Cottage Potatoes, Lamb Chops, and Stretching Ingredients

Despite the title, it didn’t start out with lamb chops or potatoes at all – it started off with a wonderful roast duck I made last week. Duck is one of my favorite things to make, with its rich, flavorful meat and all that crispy skin.  At first glance, duck seems to be an expensive bird to make; they’re no bigger than a chicken and about double the cost. But despite the regular things one can make to stretch a roasted bird into more than one meal (duck salad sandwiches are wonderful), a roasted duck is also good for something I consider pure gold in the kitchen: its rendered fat.  Ducks are water birds, and as such they have a thick layer of insulating fat between the skin and muscle. It is this fat that crisps the skin so nicely as it melts and renders during roasting, and it is this fat that I keep to make one of our favorite treats of all time: cottage potatoes.

We render our fat two ways: the first is by pricking our duck all over with a fork (into the fat layer only, not the muscle) and roasting it on a rack over a drip pan.  What winds up in the drip pan is the oily fat and liquid drippings – be sure to use a fat separator to get rid of all that juice because it can spoil your rendered fat quickly.  The second way we get our duck fat is to render it from the extra skin we trim from the duck before cooking as well as from the fatty deposits we remove from the inside of the duck.  By simmering these with a few tablespoons of water in a sauce pan, we’re eventually left with pure oil and few duck “cracklings” – just run the contents through a strainer and keep the oil. This also works with chicken fat, (this is known as schmaltz). We use this stuff sparingly, but it’s always good to have some in the freezer for a special treat.

For our potatoes, tonight I used the Yukon Gold variety because I love the balance of sweet and salty that Yukon Golds cooked this way have, but I’ve done these with russet potatoes, red potatoes, and several varieties of the “fingerling” potatoes and they all turn out tasty. Take your potatoes and slice them into small cubes, and try to keep the size relatively the same size – smaller cubes cook faster, so you don’t want to have some pieces burning while others are only just now getting crisp. Heat your duck fat up in a cast iron skillet until it shimmers and is close to smoking, and toss your potatoes in (being aware that they are GOING to pop and sizzle).  Fry until golden brown with a crispy outside and a tender, almost creamy middle; limp potatoes with no crispiness aren’t done enough while potatoes that are all crunch are overcooked. Drain them on paper towels and season liberally with sea salt.  You can let your fat cool, strain, and save it for another use as long as it still has a good color and smell.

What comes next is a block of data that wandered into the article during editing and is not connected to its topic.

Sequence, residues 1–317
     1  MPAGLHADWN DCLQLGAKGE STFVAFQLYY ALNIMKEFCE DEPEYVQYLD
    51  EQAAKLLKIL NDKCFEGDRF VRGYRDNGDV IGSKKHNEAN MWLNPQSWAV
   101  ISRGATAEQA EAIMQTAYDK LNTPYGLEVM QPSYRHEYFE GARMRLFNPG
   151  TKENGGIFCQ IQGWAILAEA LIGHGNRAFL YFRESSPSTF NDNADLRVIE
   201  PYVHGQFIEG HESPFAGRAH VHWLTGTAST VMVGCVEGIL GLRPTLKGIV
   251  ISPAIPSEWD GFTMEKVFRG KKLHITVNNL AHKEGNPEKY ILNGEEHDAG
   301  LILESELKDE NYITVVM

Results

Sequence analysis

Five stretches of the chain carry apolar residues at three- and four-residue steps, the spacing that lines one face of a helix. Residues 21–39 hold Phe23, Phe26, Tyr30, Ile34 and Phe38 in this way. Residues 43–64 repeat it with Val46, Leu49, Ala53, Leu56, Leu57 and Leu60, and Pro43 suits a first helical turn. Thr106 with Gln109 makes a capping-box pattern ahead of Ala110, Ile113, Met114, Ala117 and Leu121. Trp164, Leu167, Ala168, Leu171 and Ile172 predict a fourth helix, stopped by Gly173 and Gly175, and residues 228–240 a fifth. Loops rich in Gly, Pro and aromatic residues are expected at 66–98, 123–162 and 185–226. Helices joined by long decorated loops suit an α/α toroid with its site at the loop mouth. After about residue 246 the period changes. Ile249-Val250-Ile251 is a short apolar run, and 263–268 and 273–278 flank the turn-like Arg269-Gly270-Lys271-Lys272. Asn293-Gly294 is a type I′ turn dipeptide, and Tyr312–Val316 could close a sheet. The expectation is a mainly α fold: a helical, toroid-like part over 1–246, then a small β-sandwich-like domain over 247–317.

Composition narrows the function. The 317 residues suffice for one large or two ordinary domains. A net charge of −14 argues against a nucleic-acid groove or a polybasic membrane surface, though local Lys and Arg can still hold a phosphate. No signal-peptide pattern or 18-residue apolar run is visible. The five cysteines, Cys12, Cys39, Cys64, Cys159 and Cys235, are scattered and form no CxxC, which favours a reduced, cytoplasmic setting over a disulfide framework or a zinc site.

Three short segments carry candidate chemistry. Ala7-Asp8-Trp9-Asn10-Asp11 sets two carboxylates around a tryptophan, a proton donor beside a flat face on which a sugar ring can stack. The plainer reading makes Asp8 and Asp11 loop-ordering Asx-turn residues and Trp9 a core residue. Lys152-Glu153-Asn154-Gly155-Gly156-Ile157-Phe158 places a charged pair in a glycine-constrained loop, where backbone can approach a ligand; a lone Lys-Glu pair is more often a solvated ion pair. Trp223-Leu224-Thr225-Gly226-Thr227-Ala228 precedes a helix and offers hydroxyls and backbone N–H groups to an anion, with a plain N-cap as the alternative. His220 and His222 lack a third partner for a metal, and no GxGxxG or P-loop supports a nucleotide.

These potatoes are good with burgers or roast chicken (or as a snack by themselves), but tonight we decided to serve them with a couple of simple broiled lamb chops.  I love the flavor of lamb, and I don’t really care for any heavy seasonings with my chops, so these were seasoned with a sprinkle of kosher salt and a dusting of black pepper, although a bit of fresh thyme or rosemary goes well with the flavor of the lamb, too.  A few minutes under the broiler (until medium-rare), and we had a delicious and simple meal, thanks in part to “leftovers” from a meal I made last week.

Of course, if you really want to stretch ingredients, you can do what I’m doing now: save your lamb bones and simmer them with some shallots and white wine in a few cups of that homemade chicken stock you’ve had in the freezer forever.  Skim the fat and foam that forms from the top and in an hour or two you’ve got a respectable cheat for lamb stock.  Refreeze the stock and use for a rich sauce the next time you make leg of lamb.  Doing things like this takes a bit more time, but I feel like I get more for my money from the ingredients I buy; I also enjoy having these interesting sorts of things you can’t necessarily buy at the store kicking around in the freezer.  In the end, though, it’s all about taste, and this shows that being thrifty can also be delicious. Happy cooking!


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